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The Form for the Baptism of Infant Children that is used in our churches contains two significant prayers. The first of these is uttered at the conclusion of the reading of the form proper and just before the parents are asked to answer the questions. The other one occurs at the conclusion of the ceremony and is a prayer of thanksgiving. To these two prayers we now give our attention because they also are an integral part of the administration of the sacrament. 

The importance of the prayers of baptism is already signified in the introductory statement that precedes the first prayer and in which the congregation is exhorted. That statement reads: “That therefore this holy ordinance of God may be administered to His glory, to our comfort, and to the edification of His Church, let us call upon His holy name.” 

This statement must not be overlooked. It may not be passed by or simply regarded as a necessary indication to the congregation that it is now time to pray. The statement contains too much for this. It expresses a beautiful confession in which the church acknowledges the truth that she is always dependent upon God, and without Him all that she does is meaningless and fruitless. She must not only say this in her form, but this must be her living experience and in that consciousness she draws nigh to God in prayer. Although this is always true and applies to everything we do, we cannot overemphasize the importance of it when it comes to the matter of our baptism. Baptism, we have learned, is not a “custom or superstition.” It involves much more than the traditional sprinkling with water for it is a deeply spiritual matter which involves our being incorporated into Christ and made partakers of His death and resurrection. Only God is able to effect this and without the operation of His grace these outward ceremonies do us no good, but rather become means to our condemnation.(1) Therefore are we exhorted to call upon His holy name. 

We note further that this introductory statement contains a threefold description of the purpose of the sacrament or, to express it otherwise, it points us to a threefold objective we must have in our prayer. There is not only need for prayer in this connection but there must be purpose in our prayer. The church has something specific in mind, and with this end in view she comes to God in prayer.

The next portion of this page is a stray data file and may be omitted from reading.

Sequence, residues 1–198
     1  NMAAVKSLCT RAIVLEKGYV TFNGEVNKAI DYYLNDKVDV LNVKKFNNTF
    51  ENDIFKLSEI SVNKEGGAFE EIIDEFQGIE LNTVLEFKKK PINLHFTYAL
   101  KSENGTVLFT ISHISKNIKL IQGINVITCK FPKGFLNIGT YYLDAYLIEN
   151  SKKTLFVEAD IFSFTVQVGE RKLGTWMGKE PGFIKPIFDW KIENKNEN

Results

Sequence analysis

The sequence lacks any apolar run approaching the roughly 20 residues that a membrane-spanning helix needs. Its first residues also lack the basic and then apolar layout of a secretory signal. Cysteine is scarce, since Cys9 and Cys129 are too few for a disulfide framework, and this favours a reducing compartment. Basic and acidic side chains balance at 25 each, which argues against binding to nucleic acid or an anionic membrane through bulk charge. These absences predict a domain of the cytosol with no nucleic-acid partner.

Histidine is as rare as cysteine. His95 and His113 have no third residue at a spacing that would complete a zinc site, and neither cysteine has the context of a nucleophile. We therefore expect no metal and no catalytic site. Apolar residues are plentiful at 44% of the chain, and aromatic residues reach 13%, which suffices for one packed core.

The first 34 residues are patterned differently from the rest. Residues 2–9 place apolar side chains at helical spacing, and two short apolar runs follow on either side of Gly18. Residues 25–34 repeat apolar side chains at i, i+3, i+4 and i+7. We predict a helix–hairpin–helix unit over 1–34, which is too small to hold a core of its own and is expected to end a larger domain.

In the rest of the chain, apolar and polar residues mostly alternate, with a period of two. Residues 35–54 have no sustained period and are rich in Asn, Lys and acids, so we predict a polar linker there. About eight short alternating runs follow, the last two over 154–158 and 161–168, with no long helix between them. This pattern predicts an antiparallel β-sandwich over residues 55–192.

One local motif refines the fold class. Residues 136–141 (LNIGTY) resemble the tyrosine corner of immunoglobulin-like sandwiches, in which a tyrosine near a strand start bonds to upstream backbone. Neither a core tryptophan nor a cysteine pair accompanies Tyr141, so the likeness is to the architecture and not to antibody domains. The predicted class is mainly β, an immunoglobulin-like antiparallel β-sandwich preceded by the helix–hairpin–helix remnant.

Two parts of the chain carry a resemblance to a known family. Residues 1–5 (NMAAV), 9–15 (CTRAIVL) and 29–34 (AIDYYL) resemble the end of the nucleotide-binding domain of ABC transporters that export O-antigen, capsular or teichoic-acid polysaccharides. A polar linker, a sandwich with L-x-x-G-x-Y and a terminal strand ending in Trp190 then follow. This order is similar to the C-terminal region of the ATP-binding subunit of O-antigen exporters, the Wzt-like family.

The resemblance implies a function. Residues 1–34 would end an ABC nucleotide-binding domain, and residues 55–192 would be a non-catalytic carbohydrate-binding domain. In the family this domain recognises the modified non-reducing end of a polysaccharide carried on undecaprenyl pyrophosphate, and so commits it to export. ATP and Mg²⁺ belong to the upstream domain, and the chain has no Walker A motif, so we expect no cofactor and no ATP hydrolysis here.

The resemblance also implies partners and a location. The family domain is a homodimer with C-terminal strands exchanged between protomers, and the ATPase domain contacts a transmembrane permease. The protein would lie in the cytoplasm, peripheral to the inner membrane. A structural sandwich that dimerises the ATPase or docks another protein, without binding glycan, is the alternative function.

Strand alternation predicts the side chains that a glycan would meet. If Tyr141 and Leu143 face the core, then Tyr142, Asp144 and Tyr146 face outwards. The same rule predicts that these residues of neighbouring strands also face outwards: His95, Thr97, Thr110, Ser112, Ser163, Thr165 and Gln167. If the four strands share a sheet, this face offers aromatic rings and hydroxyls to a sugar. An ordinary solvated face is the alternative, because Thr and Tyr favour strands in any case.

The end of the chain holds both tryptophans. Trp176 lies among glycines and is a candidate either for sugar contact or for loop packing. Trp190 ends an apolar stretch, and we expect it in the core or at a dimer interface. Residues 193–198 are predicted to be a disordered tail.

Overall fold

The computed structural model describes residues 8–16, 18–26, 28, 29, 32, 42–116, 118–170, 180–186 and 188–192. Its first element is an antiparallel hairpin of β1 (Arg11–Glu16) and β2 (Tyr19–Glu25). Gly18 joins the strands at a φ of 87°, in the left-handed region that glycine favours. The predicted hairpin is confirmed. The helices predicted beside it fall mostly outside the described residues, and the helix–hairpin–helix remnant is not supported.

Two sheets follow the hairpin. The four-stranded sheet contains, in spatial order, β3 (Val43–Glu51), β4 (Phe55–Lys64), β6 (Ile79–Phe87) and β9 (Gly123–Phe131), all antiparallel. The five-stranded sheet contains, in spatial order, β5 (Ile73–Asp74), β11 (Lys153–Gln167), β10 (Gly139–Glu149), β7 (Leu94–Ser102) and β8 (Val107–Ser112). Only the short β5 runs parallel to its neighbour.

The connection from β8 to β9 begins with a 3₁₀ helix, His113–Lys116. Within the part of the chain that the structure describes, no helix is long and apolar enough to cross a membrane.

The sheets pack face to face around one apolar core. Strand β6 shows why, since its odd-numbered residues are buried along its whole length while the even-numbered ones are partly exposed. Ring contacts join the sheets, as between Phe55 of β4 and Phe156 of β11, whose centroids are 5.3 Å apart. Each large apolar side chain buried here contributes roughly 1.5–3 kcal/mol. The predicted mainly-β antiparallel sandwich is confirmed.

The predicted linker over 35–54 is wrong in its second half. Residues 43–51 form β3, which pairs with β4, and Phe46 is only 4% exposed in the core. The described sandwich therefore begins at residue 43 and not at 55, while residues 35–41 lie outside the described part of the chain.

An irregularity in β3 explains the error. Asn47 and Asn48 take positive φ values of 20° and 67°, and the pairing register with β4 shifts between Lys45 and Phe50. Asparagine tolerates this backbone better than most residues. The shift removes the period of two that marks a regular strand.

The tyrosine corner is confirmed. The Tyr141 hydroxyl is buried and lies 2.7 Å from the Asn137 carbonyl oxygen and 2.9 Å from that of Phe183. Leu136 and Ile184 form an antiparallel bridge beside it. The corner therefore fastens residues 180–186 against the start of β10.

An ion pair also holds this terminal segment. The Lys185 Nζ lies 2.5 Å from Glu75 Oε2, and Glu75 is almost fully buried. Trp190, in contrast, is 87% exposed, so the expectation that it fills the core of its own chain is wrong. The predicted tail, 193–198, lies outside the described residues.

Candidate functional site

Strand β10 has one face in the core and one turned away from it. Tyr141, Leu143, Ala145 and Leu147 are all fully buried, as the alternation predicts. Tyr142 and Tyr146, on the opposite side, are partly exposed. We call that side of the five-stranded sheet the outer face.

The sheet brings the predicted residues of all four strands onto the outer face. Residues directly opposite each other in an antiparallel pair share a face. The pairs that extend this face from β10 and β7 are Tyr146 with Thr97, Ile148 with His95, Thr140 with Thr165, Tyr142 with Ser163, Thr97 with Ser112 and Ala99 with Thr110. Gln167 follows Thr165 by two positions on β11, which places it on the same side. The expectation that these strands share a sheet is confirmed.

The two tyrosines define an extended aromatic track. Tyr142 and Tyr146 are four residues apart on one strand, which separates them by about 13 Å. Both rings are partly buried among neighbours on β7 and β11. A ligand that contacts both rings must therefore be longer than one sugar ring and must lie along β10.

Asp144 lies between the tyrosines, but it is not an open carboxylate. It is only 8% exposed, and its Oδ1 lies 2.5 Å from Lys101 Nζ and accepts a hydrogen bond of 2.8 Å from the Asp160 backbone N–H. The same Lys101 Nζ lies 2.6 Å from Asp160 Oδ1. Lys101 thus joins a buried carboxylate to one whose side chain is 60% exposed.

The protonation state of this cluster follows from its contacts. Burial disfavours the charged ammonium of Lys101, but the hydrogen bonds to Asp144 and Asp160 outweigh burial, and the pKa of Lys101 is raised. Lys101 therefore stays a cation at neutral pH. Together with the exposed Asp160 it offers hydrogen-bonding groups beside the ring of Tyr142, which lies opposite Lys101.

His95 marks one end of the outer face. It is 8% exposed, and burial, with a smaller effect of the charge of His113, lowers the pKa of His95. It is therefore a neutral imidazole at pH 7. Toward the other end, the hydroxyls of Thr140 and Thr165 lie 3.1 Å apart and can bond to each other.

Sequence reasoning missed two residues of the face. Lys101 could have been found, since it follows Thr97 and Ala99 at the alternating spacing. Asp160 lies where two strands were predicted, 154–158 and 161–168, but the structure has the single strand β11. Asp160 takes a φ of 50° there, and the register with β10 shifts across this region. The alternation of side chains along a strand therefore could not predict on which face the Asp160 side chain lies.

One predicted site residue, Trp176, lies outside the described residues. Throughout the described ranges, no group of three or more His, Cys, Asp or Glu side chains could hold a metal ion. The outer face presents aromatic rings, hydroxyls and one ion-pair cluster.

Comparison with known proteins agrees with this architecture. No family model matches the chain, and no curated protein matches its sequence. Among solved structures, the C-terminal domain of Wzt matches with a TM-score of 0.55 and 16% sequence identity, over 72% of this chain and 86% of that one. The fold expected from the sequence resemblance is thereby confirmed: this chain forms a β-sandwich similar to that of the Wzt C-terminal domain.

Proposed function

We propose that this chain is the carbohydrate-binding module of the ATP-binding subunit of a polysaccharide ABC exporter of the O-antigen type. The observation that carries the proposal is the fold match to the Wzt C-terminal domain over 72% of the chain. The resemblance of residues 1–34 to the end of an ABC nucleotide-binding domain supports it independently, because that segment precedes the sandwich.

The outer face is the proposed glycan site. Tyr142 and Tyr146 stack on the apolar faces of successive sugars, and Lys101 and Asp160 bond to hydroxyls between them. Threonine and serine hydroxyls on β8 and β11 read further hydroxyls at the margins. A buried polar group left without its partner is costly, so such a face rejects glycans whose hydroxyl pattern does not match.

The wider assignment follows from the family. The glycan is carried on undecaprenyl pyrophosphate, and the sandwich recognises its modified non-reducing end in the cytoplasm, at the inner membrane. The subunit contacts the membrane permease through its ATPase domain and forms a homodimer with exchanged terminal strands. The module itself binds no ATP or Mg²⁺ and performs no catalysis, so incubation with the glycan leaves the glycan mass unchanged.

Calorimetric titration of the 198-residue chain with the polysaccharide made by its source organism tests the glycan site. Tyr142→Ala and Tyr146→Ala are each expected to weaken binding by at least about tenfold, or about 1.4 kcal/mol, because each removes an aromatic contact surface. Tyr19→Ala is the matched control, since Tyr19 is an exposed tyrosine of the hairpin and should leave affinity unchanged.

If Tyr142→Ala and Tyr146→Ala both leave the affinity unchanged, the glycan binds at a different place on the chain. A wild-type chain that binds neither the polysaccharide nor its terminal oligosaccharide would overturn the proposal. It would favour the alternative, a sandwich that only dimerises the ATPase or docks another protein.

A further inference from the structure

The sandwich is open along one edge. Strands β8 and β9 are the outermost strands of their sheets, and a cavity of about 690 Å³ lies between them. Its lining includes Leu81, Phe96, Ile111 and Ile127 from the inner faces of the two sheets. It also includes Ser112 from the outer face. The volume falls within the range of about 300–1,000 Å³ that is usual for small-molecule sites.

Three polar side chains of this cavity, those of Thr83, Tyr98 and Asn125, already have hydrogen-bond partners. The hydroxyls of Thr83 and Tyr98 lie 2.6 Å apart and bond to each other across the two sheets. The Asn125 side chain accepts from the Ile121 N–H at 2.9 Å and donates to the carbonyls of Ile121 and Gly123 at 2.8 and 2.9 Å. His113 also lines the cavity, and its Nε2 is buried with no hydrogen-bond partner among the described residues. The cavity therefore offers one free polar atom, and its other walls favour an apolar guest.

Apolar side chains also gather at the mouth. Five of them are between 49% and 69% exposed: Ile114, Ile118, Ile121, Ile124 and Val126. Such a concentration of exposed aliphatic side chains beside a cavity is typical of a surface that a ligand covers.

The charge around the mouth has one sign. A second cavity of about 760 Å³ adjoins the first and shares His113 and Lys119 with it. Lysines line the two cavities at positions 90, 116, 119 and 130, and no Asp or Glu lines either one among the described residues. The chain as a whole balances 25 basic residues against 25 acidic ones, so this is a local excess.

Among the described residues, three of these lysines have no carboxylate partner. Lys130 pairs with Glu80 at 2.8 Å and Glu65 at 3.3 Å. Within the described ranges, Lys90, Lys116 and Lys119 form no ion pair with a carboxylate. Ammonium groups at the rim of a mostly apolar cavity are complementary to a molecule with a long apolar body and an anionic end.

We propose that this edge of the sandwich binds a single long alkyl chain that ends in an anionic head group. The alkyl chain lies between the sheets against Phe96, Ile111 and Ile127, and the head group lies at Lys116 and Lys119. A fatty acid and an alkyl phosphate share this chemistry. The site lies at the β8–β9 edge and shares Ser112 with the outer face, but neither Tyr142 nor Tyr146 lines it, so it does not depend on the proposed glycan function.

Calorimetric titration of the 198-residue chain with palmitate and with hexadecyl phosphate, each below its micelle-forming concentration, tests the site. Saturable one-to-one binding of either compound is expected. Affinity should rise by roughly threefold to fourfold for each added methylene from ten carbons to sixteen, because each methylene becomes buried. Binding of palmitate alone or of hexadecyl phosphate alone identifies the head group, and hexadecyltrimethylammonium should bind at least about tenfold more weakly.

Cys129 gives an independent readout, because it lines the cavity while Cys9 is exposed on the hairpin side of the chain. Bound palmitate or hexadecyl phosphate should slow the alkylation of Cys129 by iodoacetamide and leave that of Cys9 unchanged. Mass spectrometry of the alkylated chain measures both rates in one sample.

That end is that the sacrament she is about to administer may be administered firstly, “to God’s glory;” secondly, “to our comfort;” and, lastly, “to the edification of His Church.” We may not equate these three things, nor may we separate them as though they were unrelated to each other. The relationship is such that the object of our prayer is expressed in the first mentioned, viz., the glorification of God and the last two mentioned purposes are then entirely dependent upon this for their realization. The church can have no comfort or edification except through the glorification of God. With this in mind, we might paraphrase the matter by saying that in effect the church goes to the throne of grace to beseech God to maintain His Covenant through baptism and to multiply His gifts of knowledge and grace unto the heirs of that covenant. In the manifestation of this work of God the church is comforted and built up as she can be through no other way. In this same work the glory of God becomes revealed in the midst of a sinful world where God’s people have been called apart to show forth His eternal praise. That baptism, therefore, may not be a meaningless ceremony, but rather may be an effectual means of grace, through which the church of Christ is established and the glory of God is radiated, we come to our Heavenly Father, calling on His Holy Name in prayer. 

In the first prayer God is addressed as, “O Almighty and eternal God;” and in the second prayer this is changed slightly to, “Almighty God and merciful Father.” We note especially that in both instances the attribute of God’s omnipotence is mentioned. It is this attribute that stands out in all the work of salvation as obsignated in baptism. That which is impossible of human accomplishment God does! It belongs to the fundamental requirements of our Mediator that He is very really God, for without omnipotence it is impossible to save us from the death into which we have fallen.(2)